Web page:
“I don’t have the power to change my past. I do have the power to change the perception of it.” ~ Meyer Lansky
Meyer Lansky was one of the leading figures in the “Kosher Nostra” (play of words referring to the Cosa Nostra, the Sicilian Mafia, and the Jewish term kosher meaning “fit” according to Jewish dietary law). With Whitney Webb’s just-published history of organized crime in America and Catherine’s interview with her on Thursday, this is the perfect Movie of the Week to digest a part of this reality through cinematic “entertainment.”
Even though the movie does not overtly display the role of the intelligence agencies, the film supports Whitney’s evidence regarding the long-term collaboration between organized crime and the U.S. government.
Catherine tells the story of how, in the early 2000s, she was contacted by a gold researcher from London who had files that showed private placements of Treasury bonds that had been issued by the U.S. Treasury to Meyer Lansky. The researcher wanted to know, could they be genuine? Of course, it was impossible to verify, but Catherine felt they likely were.
If true, this would indicate that Lansky’s responsibilities in handling black budget funds for the U.S. intelligence agencies and the U.S. Treasury were likely very significant—far beyond the amounts described in the film.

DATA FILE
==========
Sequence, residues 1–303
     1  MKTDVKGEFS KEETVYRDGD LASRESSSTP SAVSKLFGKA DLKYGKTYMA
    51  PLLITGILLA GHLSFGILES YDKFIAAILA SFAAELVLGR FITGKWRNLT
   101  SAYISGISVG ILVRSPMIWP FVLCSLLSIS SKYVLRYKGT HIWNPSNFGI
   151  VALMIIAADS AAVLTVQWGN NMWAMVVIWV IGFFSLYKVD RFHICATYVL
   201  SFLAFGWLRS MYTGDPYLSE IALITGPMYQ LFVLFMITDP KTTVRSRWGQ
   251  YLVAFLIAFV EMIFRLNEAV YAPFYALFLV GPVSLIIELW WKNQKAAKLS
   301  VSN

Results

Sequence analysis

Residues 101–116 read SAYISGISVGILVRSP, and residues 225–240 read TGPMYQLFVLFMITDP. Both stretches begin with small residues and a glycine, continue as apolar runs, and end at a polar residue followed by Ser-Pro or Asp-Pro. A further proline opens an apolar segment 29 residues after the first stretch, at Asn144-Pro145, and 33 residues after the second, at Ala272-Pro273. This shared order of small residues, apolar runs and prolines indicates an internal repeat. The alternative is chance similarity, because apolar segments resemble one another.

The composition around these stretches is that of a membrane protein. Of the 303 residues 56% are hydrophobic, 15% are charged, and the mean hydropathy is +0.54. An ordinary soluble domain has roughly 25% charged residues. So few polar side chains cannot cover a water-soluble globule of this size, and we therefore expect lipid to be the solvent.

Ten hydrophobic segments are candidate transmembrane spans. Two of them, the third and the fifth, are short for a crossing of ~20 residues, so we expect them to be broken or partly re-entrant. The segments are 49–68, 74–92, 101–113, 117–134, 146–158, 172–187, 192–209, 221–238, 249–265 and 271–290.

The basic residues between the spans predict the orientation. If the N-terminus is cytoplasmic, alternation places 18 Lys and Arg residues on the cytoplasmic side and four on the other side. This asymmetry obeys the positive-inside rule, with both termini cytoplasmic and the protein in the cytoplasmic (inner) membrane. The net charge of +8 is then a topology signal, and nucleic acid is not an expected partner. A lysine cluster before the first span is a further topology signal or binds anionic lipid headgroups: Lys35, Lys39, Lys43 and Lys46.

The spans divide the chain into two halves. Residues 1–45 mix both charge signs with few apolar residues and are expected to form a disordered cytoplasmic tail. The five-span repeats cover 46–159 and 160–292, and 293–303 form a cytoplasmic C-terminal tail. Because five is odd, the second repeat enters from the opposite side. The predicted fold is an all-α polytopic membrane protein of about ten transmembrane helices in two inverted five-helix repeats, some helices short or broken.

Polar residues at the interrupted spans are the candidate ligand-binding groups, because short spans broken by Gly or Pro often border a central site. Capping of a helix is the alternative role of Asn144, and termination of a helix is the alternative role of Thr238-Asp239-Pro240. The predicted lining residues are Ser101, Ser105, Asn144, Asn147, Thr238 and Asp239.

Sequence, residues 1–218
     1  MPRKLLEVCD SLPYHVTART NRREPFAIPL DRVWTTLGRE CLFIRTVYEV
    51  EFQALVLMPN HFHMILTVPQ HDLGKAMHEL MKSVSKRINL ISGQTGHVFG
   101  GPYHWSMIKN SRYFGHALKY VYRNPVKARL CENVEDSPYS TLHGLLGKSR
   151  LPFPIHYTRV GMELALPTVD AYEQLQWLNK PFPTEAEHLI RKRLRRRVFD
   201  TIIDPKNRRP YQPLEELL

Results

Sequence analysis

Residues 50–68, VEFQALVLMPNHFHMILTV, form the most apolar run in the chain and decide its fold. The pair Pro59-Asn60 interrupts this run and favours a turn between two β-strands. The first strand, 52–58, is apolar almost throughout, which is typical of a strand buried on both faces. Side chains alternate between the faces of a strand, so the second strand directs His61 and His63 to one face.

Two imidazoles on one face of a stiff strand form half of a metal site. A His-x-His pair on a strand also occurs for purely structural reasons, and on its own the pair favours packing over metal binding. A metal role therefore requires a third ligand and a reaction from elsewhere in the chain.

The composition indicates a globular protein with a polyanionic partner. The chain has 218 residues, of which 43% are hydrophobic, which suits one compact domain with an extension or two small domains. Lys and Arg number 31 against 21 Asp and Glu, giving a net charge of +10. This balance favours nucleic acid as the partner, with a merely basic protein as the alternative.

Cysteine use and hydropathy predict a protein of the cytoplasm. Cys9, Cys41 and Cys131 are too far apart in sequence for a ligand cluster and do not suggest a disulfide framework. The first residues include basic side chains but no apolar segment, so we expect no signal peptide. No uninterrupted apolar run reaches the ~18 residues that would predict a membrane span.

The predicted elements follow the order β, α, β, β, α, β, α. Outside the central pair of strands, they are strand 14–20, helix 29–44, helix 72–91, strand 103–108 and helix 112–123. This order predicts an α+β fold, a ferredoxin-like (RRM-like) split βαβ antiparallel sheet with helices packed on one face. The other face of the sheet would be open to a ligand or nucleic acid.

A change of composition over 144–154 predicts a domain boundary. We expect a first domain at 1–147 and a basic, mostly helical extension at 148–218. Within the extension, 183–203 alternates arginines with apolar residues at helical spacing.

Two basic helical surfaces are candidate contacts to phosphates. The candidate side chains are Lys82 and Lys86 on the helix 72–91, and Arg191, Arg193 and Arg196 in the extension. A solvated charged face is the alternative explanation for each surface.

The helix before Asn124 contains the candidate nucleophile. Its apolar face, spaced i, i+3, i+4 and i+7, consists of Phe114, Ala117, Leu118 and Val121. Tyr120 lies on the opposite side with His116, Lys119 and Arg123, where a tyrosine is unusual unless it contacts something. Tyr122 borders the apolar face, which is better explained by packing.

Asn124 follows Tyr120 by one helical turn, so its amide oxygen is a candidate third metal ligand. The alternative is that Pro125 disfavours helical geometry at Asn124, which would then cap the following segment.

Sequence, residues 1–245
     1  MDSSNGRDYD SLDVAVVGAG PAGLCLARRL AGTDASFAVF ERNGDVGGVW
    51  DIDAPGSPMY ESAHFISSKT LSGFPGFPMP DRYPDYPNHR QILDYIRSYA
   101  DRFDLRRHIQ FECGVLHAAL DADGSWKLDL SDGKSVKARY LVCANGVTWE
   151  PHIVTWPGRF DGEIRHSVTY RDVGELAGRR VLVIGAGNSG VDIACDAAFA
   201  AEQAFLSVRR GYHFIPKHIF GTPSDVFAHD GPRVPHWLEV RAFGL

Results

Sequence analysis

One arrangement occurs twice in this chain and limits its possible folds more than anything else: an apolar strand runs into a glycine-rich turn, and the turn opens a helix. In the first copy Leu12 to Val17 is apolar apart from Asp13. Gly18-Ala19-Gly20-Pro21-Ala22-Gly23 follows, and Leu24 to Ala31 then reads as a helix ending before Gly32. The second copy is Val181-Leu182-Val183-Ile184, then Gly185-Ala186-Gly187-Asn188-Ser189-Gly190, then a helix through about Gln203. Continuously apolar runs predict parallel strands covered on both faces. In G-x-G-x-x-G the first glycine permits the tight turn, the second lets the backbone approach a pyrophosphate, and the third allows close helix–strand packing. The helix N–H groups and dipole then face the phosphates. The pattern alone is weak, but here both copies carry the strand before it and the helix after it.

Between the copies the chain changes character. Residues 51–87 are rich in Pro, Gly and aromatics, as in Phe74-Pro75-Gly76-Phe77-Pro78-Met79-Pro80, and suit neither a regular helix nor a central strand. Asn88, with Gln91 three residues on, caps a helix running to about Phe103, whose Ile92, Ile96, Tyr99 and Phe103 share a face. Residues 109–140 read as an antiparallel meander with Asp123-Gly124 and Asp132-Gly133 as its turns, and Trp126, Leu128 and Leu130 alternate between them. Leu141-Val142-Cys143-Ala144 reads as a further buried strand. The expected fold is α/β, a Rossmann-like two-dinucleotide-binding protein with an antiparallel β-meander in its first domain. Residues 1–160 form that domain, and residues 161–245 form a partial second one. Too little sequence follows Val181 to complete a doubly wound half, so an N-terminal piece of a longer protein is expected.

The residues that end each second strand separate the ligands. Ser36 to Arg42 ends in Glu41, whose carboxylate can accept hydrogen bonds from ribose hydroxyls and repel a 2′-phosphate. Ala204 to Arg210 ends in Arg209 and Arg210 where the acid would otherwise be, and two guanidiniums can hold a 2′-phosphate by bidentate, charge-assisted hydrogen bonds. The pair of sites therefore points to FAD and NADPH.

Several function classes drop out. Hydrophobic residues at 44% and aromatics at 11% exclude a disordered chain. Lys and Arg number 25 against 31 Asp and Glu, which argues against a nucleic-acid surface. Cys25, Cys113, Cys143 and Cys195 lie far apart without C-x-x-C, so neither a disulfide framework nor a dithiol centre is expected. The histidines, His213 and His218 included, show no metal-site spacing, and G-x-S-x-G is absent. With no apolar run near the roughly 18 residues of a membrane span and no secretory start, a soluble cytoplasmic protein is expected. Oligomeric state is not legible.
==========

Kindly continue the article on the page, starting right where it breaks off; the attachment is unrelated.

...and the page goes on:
The signature on the private placement documents sent to Catherine for review was from someone Catherine knew well, signed by the then Deputy Assistant Secretary for Domestic Finance, a person who had also worked at Dillon Read for Nicholas F. Brady. The partner in question always behaved with an air that the entire official narrative was a waste of his time—like a man who had transacted the covert flows behind the walls of attorney-client privilege and was exhausted by working with young people who were oblivious to the sea of illegal monies floating the global financial markets.
Indeed, he later became the head of one of the largest accounting and tax preparation firms in the United States. That is a metaphor for the state of financial disclosure in America.
According to the FBI, Lansky had several hundred million dollars’ worth in hidden bank accounts, but nothing was ever found. When he died, he was officially worth almost nothing. But then, if he was signing as agent, the funds would have been off balance sheet. Control and Ownership are two very different things.
Meyer Lansky on Wikipedia